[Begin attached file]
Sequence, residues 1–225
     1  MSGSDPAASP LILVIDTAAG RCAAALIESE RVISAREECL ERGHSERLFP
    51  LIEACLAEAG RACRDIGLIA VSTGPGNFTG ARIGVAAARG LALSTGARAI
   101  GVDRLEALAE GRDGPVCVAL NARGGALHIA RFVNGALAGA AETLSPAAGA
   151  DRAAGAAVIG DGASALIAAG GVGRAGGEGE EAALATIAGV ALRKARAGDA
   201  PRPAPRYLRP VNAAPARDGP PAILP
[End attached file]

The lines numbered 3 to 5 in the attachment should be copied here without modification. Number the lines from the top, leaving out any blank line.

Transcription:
    51  LIEACLAEAG RACRDIGLIA VSTGPGNFTG ARIGVAAARG LALSTGARAI
   101  GVDRLEALAE GRDGPVCVAL NARGGALHIA RFVNGALAGA AETLSPAAGA
   151  DRAAGAAVIG DGASALIAAG GVGRAGGEGE EAALATIAGV ALRKARAGDA